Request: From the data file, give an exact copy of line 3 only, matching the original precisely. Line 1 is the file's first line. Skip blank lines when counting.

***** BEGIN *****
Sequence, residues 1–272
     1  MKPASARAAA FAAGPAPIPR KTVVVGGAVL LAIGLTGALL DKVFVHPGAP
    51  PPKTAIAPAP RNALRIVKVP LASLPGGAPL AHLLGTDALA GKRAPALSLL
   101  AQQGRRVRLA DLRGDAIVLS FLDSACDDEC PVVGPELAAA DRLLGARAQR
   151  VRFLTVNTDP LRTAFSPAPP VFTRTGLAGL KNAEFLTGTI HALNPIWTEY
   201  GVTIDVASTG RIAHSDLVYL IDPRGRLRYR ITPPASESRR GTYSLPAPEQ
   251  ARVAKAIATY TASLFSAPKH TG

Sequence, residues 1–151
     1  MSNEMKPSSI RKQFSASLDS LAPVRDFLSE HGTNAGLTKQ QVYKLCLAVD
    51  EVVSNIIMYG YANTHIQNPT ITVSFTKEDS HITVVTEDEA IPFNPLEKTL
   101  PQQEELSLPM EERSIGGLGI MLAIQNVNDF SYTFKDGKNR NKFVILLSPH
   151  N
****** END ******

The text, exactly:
    51  PPKTAIAPAP RNALRIVKVP LASLPGGAPL AHLLGTDALA GKRAPALSLL